The pressure to provide social housing in a fast and economic way as well as outdated regulations constraint the design of these buildings and has serious implications for the comfort of its occupants and the environment. This becomes more critical in hot-humid climates such as Malaysia with uniformly high temperature and humidity as well as low wind speeds. In its capital, Kuala Lumpur, an extensive program of construction of high-rise social housing is being carried out but shortly after the flats are occupied, or as soon as they can afford it, the residents fit wall mounted air conditioning units. This research started by looking at Malay vernacular architecture and the traditional strategies for ventilation and cooling. After a review of current building regulations and green tools employed in the country, two campaigns of fieldwork were carried out to assess the actual indoor and outdoor thermal and air quality conditions in the buildings, which were found inadequate for both local regulations and international recommendations. The fieldwork allowed also identifying the critical design issues to address. A ventilation and filtering ceiling system has been identified as one of the possible solutions for the current situation and has been tested through physical and computer models. It improves comfort by reducing the air temperature, humidity, airborne particle and gases as well as constantly providing adequate airflow rate. It is the first attempt to develop what we have named the 'Airhouse' standard for tropical countries.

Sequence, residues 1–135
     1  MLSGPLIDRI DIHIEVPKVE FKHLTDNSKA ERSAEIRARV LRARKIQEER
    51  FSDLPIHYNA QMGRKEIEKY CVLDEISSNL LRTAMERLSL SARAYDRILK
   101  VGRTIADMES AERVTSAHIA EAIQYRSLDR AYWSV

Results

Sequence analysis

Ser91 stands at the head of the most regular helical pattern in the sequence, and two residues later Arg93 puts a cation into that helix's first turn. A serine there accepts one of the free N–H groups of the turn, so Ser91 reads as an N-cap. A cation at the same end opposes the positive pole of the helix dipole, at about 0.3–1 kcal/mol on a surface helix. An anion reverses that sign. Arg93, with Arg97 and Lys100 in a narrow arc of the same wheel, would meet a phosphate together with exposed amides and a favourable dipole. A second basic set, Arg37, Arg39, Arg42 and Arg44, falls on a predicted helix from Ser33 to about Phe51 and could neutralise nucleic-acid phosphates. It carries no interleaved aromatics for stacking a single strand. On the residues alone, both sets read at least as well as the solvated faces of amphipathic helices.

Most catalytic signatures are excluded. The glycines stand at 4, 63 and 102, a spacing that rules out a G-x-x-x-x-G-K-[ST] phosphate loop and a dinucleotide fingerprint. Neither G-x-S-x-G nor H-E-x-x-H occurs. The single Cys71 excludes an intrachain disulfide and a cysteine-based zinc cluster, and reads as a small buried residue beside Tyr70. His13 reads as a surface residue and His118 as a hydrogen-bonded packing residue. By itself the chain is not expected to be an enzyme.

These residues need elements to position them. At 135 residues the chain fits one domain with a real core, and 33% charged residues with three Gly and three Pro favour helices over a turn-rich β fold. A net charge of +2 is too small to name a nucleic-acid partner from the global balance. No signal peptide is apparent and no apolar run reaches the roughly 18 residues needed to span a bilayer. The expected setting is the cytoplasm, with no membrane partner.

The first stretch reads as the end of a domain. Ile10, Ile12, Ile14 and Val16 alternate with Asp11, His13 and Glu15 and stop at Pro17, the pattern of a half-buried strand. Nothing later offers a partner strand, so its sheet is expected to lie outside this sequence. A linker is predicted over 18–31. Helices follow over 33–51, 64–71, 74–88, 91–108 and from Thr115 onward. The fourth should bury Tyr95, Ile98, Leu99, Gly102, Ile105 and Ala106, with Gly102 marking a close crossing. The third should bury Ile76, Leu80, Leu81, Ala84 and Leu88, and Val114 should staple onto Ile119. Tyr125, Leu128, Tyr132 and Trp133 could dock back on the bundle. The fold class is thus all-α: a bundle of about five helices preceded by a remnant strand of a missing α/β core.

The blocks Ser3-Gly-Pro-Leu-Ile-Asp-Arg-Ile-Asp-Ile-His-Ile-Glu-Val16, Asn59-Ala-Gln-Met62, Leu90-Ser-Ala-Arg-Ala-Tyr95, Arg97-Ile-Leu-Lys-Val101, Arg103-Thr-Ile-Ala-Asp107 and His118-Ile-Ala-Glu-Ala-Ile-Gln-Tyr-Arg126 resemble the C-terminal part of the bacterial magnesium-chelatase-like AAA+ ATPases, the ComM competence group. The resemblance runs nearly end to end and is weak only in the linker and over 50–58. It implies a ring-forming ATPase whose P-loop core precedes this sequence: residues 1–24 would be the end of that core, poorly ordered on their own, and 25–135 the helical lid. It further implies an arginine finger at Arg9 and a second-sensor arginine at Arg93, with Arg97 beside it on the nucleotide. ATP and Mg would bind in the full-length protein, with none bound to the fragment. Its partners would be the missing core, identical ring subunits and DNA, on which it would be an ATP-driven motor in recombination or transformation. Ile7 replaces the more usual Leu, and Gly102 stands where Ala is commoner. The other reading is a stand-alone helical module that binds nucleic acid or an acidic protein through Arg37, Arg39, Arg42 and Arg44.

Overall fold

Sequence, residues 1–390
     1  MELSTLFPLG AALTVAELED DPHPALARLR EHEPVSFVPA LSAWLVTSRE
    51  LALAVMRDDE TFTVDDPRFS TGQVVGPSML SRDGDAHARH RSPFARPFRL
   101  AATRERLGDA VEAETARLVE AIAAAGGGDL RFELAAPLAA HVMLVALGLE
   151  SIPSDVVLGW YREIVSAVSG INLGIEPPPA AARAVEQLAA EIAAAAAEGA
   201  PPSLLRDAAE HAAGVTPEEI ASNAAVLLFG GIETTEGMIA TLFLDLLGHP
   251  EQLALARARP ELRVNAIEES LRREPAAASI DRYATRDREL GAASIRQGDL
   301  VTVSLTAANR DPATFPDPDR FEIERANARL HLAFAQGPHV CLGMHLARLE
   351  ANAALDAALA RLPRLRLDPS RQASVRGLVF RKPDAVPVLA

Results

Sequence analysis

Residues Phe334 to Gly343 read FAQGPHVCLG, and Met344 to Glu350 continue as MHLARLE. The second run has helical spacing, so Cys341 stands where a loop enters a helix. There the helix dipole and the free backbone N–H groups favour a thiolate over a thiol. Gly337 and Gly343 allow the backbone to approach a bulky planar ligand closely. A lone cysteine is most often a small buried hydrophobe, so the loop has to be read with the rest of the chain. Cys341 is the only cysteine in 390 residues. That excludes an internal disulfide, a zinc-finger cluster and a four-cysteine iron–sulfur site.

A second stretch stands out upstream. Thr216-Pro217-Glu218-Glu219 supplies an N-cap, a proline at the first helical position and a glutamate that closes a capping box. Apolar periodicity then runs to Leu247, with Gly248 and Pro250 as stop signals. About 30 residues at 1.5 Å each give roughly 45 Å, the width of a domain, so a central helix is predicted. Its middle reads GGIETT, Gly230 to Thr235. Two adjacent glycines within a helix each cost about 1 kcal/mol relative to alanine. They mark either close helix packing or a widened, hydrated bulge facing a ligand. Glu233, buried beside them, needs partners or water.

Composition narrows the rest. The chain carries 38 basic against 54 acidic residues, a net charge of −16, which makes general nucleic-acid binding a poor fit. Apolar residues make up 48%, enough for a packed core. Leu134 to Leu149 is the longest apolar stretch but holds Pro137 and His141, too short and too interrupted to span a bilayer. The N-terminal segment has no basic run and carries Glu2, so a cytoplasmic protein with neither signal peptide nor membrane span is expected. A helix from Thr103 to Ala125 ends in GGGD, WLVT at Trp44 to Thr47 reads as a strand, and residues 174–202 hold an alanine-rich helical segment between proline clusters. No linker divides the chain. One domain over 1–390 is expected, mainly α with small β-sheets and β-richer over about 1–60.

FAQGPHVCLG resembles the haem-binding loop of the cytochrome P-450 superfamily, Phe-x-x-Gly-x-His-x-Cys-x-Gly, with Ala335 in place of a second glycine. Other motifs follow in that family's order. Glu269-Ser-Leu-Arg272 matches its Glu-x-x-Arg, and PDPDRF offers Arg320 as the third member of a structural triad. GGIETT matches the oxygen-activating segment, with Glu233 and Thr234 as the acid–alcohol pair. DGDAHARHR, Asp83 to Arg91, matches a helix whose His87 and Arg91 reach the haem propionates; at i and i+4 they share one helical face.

- social housing
- hot-humid climate